Reduction of elevated CSF beta-endorphin by fenfluramine in infantile autism

Diana L. Ross, William M. Klykylo, Robert Hitzemann

Research output: Contribution to journalArticlepeer-review

45 Scopus citations


Fenfluramine therapy has been reported to improve behavior in infantile autism and has been associated with a decrease in abnormally increased blood serotonin content. The primary central effect has not been proved to be serotonergic. Beta-endorphin is involved in the anorexic effect of fenfluramine and may play a role in autism. Nine children with infantile autism were treated with fenfluramine in double-blind, placebocrossover design. Transient anorexia was the only adverse effect. Autistic behavior was reported to improve in three patients, but objective psychometric tests were unchanged. Beta-endorphin-like immunoreactivity was determined in lumbar cerebrospinal fluid of patients during and before or after treatment with fenfluramine and then was compared to normal controls. Beta-endorphin was elevated significantly in the baseline autistic group (p < .005) and was reduced toward control values during fenfluramine treatment. The results are consistent with a role for beta-endorphin in infantile autism and in the mechanism of fenfluramine treatment.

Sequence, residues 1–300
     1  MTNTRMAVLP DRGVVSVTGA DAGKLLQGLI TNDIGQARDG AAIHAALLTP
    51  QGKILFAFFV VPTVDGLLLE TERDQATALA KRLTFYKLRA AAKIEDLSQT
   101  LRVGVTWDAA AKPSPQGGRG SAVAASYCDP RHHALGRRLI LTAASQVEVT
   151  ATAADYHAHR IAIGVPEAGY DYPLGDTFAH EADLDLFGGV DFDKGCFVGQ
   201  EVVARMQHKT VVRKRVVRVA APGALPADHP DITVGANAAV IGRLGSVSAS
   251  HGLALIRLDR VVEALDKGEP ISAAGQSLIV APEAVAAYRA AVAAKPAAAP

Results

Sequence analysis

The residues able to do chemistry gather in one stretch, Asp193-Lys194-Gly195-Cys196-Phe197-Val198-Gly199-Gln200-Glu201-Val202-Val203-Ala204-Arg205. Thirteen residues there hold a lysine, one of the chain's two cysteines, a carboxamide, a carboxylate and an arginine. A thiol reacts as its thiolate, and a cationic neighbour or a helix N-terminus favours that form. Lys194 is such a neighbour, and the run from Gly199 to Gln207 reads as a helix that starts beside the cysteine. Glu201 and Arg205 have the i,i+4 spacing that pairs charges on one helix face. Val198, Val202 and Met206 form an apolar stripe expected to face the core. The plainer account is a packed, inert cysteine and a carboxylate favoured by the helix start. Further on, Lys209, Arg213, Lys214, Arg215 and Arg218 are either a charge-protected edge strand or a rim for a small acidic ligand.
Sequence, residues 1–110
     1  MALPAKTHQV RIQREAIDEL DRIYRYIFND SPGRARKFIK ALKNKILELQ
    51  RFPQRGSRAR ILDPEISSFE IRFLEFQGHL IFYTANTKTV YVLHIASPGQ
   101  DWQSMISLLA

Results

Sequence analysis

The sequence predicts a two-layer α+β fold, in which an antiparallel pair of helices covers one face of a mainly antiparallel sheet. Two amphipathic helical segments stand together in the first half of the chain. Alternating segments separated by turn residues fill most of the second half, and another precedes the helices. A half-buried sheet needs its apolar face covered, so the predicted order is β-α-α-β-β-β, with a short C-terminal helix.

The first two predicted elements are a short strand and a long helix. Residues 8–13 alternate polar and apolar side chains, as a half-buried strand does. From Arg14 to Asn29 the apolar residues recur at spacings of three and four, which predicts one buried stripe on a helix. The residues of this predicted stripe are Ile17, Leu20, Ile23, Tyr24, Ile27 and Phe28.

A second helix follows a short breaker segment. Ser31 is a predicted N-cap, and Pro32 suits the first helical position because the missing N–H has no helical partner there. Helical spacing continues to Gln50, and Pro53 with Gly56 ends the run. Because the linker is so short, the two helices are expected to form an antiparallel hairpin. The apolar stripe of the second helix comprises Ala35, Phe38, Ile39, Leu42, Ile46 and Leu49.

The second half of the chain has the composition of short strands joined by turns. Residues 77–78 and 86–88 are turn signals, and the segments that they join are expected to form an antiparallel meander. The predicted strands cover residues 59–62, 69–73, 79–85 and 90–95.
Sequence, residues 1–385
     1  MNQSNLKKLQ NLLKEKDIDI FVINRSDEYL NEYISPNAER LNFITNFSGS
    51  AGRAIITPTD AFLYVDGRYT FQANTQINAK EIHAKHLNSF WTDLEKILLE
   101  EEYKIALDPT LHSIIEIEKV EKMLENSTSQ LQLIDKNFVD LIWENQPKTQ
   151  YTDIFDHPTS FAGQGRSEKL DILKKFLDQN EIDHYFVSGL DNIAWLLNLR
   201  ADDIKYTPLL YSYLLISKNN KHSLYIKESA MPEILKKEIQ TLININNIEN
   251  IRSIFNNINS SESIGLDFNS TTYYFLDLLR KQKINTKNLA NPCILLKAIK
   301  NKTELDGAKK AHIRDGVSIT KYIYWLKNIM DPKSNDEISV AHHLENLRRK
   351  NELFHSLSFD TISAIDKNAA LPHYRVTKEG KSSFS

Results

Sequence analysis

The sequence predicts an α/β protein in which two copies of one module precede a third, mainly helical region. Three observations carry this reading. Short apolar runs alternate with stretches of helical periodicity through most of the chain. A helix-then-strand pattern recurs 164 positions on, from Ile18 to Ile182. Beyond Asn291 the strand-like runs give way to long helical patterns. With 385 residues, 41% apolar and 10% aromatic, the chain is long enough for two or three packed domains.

Original languageEnglish (US)
Pages (from-to)83-86
Number of pages4
JournalPediatric Neurology
Issue number2
StatePublished - 1987
Externally publishedYes

ASJC Scopus subject areas

  • Pediatrics, Perinatology, and Child Health
  • Neurology
  • Developmental Neuroscience
  • Clinical Neurology


Dive into the research topics of 'Reduction of elevated CSF beta-endorphin by fenfluramine in infantile autism'. Together they form a unique fingerprint.

Cite this